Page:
US hot-rolled coil index continues at historic highs
Hot-rolled coil prices in the United States continue at record highs, with tags at or above $50 per hundredweight ($1,000 per short ton) - a level last seen during the bull rush of 2008.
Fastmarkets’ daily steel hot-rolled coil index, fob mill US was calculated at $50 per cwt on Thursday December 24, roughly flat from $50.06 per cwt the day prior and 1.58% higher than $49.22 per cwt the previous week.
Inputs were captured in a wide range of $50-55 per cwt on Thursday, with recent deals and deals heard at the lower end of the range and speculative offers at the higher end.
The price assessor zeroed an input at the high end of the range, because it was not clear that it would turn into a deal in the near term, as well as a deal that had been reported previously. The assessor also carried over transaction data from the producer sub-index to the consumer sub-index due to a lack of liquidity there.
Heard in the market
Market sources continued to report substantial tightness and a lack of imports to alleviate the pressure. There was considerable speculation about the strategy of US producers in the first quarter of 2021, because only increased domestic steel supply can help US consumers.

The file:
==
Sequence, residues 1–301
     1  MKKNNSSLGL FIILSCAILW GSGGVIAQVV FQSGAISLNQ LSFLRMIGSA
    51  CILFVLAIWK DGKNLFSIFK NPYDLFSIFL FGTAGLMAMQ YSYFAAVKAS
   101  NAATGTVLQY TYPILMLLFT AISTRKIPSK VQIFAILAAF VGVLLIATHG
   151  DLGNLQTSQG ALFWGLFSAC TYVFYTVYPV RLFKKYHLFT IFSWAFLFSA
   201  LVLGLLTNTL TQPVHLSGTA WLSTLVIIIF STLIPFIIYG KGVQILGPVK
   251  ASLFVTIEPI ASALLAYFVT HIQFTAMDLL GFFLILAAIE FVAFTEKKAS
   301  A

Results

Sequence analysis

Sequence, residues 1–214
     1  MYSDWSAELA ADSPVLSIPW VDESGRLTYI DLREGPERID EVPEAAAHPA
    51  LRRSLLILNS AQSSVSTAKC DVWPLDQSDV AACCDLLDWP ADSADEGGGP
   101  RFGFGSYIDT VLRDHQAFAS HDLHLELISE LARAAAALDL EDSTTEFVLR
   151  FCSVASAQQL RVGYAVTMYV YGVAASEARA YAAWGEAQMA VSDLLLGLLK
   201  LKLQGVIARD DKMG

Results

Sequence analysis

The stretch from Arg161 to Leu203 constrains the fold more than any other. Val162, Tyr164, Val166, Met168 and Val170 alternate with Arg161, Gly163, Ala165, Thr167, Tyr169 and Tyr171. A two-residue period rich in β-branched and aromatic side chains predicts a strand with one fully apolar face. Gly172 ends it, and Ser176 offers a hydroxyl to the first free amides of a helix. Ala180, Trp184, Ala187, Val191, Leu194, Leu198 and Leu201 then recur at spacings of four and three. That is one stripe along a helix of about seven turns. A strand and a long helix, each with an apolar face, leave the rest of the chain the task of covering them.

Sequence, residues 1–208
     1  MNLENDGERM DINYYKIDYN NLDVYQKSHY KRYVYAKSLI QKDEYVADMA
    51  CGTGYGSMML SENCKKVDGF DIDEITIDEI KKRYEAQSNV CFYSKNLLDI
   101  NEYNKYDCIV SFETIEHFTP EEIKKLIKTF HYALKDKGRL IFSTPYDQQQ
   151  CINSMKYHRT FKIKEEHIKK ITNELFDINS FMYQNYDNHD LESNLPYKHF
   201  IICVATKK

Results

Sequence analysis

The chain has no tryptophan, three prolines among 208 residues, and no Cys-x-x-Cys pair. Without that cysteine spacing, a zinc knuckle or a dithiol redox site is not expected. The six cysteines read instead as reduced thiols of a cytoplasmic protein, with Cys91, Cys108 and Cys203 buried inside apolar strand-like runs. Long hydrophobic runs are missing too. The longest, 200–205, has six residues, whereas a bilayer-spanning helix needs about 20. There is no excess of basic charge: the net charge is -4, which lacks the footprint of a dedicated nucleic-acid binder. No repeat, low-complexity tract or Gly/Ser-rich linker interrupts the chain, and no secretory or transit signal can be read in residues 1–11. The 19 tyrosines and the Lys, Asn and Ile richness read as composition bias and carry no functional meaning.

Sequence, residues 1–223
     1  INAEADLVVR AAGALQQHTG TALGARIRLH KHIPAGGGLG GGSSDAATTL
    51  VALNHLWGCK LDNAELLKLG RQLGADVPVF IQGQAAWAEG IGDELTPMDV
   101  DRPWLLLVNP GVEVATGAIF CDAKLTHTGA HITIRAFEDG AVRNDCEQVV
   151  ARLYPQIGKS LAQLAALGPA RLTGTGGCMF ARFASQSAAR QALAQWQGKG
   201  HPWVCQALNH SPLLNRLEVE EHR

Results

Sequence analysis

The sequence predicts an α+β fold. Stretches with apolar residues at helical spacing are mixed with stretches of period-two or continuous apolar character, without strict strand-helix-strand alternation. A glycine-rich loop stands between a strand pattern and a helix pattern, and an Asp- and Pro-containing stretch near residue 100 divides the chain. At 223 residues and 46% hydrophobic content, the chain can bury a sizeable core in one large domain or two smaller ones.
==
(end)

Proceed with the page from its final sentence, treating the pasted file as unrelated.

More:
In the meantime, rising raw material prices and the limited supply of steel are expected to keep driving prices higher, with some speculating that an increase could be coming in the first week of January.
There were reports of a potential buyer’s strike, however, with particularly large consumers now becoming hesitant to place any orders as downside risk becomes a bigger and bigger concern.
Quotes of the day
“The big buyers are not buying, they’re just not. I’m talking the big pipe buyers. They’re terrified. They’re not going to stick their neck out if the price drops $200-300 [per ton],” one market source said.
“Supply [is] still the issue, and with limited imports inbound, I don’t expect us to peak for [hot-rolled] until March or April now, looks like,” one end user said.
Grace Asenov and Mark Shenk, both in New York, and Lisa Gordon in Pittsburgh contributed to this report.